Wayans: He was a workaholic when we were shooting Above the Rim. He worked when people slept. When he finished on Above the Rim, he would go straight to the studio. He would be there all night making music, probably get an hour and a half sleep and come back to the dressing room. I shared a trailer with him and I could smell the weed and hear the music. I would be high as hell off the contact high. Our trailer was one big blunt. It was a hot box.
Leon (Actor, Above the Rim): When we were in the park, Tupac was running around with his pants falling down and people were passing blunts to the extras in the audience. During production we had to switch scenes around and things were delayed a bit because he was arrested a couple of times. It was madness.
Wood Harris (Actor, Above the Rim): There was a take that we did once. It was a real quick shot. It was nothing. It was me and Tupac driving into the scene and getting out the scene. We had the girls with us. We had to drive in, get out the car and go into the park and there was a cut after that. We’re talking about a pretty easy shot. Tupac drives, he parks and is trying to pull the knob up on the door and it’s not coming up. The door had a faulty knob where he couldn’t just smoothly pull the knob and open the door. It was like, “What happened?” “I couldn’t get this to come up. Somebody should probably change this because this thing is not working right. I can’t open the door from the inside.” The director ignored it. We do the scene and the same thing happened again. By the time he got his door opened, he got out the car, looked at the director and said, “I told you this was going to happen.” And he went straight to his trailer. I’ve never seen a person do that on a set. It didn’t come off like a diva. You see a lot of diva behavior on set like wanting the M&M’s separated by color. That wasn’t diva. He was just like, “Alright, I’m gone. Holla at me when you take care of that.”
Wayans: One time, Tupac was like, “Yo, this Range Rover. Why it got doors on it? Take the doors off. I want the doors off the Range Rover.” He was saying that a gangster isn’t going to ride in a car without tints.
Cindy Malika (Actress, Above the Rim): We were about to shoot the scene before he was going to get shot in the movie. This was after his friend in the movie [Wood Harris] got shot. Tupac called over the prop master and asked for a bottle of alcohol to sit on the table. The prop master was like, “I don’t know. It’s going to get a little crazy. It might spill and make a mess.” And Pac was like, “My best friend just died. I’m not going to sit here with one drink at a time, I’m going to want a bottle here in front of me.” That’s real. Tupac then went over and asked the director for the bottle because Tupac thought it was that important.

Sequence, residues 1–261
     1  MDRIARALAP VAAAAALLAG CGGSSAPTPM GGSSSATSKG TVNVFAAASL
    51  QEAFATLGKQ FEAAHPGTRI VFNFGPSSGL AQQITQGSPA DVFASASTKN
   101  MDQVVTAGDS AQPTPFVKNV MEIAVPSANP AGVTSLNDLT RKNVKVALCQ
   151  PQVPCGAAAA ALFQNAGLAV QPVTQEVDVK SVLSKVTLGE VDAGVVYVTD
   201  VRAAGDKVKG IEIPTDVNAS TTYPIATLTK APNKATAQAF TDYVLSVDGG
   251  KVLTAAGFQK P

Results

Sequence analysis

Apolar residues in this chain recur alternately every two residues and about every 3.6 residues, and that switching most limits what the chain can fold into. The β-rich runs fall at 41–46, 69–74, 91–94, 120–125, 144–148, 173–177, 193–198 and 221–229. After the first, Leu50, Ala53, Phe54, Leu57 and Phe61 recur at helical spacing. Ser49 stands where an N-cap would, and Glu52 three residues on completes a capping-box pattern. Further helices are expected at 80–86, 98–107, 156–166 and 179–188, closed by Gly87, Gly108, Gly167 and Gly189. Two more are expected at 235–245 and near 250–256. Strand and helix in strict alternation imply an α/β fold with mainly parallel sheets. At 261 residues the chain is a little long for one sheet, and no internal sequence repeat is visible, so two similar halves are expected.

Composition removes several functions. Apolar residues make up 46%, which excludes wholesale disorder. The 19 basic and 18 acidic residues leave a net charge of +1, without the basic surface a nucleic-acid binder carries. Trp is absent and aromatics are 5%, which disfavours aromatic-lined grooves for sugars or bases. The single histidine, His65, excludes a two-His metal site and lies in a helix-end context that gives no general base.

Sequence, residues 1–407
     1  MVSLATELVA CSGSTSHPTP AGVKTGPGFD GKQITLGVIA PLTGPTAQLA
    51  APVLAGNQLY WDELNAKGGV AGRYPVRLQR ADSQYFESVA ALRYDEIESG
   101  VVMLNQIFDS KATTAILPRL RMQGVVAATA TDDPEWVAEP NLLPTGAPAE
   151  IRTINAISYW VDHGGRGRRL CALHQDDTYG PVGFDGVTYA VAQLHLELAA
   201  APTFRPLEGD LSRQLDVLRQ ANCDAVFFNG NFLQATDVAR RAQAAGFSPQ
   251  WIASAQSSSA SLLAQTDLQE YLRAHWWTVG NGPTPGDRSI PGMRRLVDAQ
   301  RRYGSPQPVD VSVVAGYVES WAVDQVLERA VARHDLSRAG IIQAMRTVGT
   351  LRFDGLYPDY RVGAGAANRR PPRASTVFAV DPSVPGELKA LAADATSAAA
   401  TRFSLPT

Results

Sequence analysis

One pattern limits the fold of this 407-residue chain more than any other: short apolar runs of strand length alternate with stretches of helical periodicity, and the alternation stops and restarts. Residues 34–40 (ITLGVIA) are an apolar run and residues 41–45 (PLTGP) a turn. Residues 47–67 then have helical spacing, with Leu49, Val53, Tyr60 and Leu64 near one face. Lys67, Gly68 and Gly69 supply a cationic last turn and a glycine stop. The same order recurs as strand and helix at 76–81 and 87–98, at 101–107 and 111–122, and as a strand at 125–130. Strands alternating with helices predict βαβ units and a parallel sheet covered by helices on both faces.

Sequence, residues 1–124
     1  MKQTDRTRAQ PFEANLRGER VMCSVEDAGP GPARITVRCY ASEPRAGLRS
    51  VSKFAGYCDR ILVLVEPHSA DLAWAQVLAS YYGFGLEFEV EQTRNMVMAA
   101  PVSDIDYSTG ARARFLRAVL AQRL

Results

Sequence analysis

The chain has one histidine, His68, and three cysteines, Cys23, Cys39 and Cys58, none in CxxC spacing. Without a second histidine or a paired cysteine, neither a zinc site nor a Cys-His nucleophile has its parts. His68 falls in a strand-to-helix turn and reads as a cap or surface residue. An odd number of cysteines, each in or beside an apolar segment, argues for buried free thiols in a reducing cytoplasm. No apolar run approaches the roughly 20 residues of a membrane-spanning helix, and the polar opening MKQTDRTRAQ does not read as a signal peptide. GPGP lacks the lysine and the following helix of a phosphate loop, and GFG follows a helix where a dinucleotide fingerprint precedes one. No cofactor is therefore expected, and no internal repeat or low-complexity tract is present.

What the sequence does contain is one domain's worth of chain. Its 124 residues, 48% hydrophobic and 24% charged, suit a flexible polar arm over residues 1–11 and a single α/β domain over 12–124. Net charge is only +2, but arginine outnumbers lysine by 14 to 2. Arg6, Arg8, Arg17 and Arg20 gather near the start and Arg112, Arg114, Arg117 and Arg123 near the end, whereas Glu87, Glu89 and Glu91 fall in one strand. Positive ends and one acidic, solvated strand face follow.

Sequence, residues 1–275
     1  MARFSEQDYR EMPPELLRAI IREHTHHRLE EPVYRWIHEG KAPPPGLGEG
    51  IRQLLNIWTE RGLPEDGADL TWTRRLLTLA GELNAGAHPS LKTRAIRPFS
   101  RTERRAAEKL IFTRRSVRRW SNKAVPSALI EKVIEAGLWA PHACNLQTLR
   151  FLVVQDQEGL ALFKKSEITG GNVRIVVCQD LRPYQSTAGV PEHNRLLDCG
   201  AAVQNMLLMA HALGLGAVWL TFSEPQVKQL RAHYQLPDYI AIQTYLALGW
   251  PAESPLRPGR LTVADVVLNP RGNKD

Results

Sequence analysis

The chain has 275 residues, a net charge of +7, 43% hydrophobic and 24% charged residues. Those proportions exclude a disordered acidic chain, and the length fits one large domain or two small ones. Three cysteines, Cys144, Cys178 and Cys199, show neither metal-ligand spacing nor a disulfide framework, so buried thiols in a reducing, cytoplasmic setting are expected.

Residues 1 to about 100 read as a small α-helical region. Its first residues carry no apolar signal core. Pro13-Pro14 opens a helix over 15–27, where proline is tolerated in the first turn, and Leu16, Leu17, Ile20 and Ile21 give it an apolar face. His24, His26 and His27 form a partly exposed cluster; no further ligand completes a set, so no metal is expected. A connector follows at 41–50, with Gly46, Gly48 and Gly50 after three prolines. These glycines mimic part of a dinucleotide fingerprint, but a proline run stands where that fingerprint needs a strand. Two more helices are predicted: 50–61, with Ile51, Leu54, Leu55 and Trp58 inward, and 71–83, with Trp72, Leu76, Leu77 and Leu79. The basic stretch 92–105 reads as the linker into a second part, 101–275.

Martin (Actor, Above the Rim): We were on set and Tupac had just got back from Atlanta. Me and Marlon [Wayans] went to his room, and the first thing Marlon said was, “What are you doing man? You need to take the ‘T’ off of your stomach and you need to put ‘Hug Life.’ You need a hug, nigga.”
Wayans: [My mom] was like, “[Tupac] is a nice boy but he has a bad element around him. My mom told me not to hang out with him. But we hung out on set mostly and that’s when he went through a lot of troubles. I kind of listened to my moms. It wasn’t about him. It was the cloud of trouble around him.
John Enos (Actor, Bullet): We shared a trailer and I would show up the next day and there would be a Vibe magazine, some other hip hop magazines, an empty bucket of chicken and piles of tobacco that were emptied out for blunts. He was out on bail. He didn’t care. We burned the candle hard during that movie. We would get out at about 10 o’clock and go straight out, and then we’d probably have a 9 o’clock call.
Benza: At the time, Mickey was having trouble with [then-wife] Carre Otis. In between scenes, Mickey would be in his trailer holding rosary beads and crying. Tupac would be in his trailer soothing him.
Shakur: Tupac and Mickey Rourke got real tight. We went out once with Mickey and his [wife] at the time. He was like, “Man, Mickey and his girl are going through it again.” Tupac was giving him advice and being a friend. They had a real connection. Mickey was a guy’s guy. Tupac was a guy’s guy too.
John Flock (Producer, Bullet):  Mickey always liked to think of himself as a street guy. I think he felt like Tupac was giving him some street credibility, which is what you want from a 40-year-old actor.
On December 1, 1994, Tupac was convicted on two counts of sexual assault and was sentenced to one and a half to four and a half years in prison. He was released on October 19, 1995. He immediately read the script for Gridlock’d, an offbeat buddy picture starring Tim Roth. Shakur earned the strongest reviews of his career for his depiction of Spoon, an addict looking to get clean.